John Simpson was a fierce and autocratic man of eighty-two when his widowed daughter and her two children moved in with him. Laurence resented his authority over her and her stepmother; this relationship fostered Laurence’s empathy with women struggling toward freedom. All of her heroines—Hagar Shipley, Rachel Cameron, Vanessa MacLeod, Stacey MacAindra, and Morag Gunn—struggle against oppressive forces, and Laurence’s recurring theme of the lack of communication between men and women, as well as between women and women, is rooted in the domestic situation in Grandfather Simpson’s house. It appears...

(The entire section is 723 words.)

Margaret Laurence Biography

(Society and Self, Critical Representations in Literature)

A few events shaped Margaret Laurence’s life and affected her highly autobiographical writings: her birth as Jean Margaret Wemyss and early years in the Canadian prairie environment; her time in Africa with her civil-engineer husband on assignments; and her separation and ultimate divorce. Her African experience led her to an understanding of language, culture, and folktales; poetry; and a nomadic way of life. Her African experience also taught her of the need for myths that define human lives and bind communities. Finally, it gave her greater appreciation for home and self.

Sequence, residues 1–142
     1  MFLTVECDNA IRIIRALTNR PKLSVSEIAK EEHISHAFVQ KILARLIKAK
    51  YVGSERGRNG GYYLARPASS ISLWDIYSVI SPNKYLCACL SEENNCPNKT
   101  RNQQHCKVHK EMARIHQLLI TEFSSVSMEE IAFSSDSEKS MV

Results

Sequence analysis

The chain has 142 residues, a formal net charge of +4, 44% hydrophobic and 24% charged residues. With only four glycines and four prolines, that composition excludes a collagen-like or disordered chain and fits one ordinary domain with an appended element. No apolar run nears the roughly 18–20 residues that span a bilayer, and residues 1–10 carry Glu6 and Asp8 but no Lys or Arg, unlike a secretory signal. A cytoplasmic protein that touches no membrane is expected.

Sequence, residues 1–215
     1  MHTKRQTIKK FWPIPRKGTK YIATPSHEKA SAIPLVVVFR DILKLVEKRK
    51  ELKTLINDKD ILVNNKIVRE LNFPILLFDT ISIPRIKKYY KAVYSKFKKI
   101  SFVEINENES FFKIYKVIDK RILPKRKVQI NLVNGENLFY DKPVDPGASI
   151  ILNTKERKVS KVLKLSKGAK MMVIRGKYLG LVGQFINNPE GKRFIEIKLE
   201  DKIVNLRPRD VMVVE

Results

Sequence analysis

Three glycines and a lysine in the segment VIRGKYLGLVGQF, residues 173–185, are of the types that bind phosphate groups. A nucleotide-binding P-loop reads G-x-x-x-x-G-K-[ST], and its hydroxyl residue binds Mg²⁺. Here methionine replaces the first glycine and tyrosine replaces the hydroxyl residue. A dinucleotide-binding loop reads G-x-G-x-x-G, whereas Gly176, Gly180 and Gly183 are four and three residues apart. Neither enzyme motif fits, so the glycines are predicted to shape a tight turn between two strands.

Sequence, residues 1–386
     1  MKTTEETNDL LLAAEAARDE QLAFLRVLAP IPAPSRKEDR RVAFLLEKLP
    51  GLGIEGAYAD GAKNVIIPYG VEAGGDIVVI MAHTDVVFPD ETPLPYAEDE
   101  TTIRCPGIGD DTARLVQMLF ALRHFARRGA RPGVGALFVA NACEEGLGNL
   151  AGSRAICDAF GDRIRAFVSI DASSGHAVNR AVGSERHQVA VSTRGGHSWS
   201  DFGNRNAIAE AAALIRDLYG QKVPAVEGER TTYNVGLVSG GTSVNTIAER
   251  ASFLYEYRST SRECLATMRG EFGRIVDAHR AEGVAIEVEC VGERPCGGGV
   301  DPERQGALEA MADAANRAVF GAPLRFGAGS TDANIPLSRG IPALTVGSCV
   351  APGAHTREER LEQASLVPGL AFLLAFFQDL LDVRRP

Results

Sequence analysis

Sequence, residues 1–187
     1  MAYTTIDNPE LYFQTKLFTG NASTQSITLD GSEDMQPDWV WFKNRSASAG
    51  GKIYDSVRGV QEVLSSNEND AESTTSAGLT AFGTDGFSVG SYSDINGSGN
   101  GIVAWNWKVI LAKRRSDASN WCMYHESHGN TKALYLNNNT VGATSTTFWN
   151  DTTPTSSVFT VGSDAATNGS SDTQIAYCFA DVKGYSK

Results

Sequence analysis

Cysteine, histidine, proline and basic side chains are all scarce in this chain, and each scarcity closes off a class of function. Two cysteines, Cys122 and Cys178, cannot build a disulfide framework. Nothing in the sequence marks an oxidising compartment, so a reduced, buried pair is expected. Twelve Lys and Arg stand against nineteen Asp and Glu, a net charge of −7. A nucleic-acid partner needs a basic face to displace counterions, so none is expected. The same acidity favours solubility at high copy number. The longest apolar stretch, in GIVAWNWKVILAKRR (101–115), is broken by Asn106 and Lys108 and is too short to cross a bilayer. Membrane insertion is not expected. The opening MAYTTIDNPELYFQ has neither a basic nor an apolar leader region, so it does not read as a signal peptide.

Laurence’s adolescence in a predominantly Scot-Irish Canadian but also Métis cultural environment pervaded her mental landscape and made her agonize over the latter’s plight. The result was the Manawaka cycle of novels and an interconnected set of short stories that Laurence described as “fictionalized autobiography.” This work records the saga of an Indian French Canadian Métis family over generations. The story is told from the perspective of Vanessa MacLeod, Laurence’s alter ego. The dichotomy that Laurence discovered between Africans living by faith and Canadians living by logic she finds replicated between Indians and whites in Canada.

Laurence’s broken marriage, which left her with the care of two children, led to A Jest of God, a pioneering work on the subject of a woman’s sexual awakening and single parenthood. Despite the centrality of Laurence’s feminist vision, her view is that men can play a crucial role by assisting women in their search for self-discovery. Laurence’s compassion in drawing her characters’ failures takes her beyond the genre of social realism. Thus, her Canadian-focused novels and short stories also trace the intellectual and psychological development of female protagonists, such as Hagar Shipley in The Stone Angel. Through narrators, Laurence observes how characters would like to be heroic or at least survive with some dignity and set of values, but also how life denies them the romantic grandeur that they desire. Thus, growing up as a woman and securing female identity are precarious. Some of the women, such as Morag Gunn in The Diviners, by summoning up all their past, manage to understand their present and their place in it. Others, like the Métis Piquette Tonnerre in the Manawaka cycle, never do.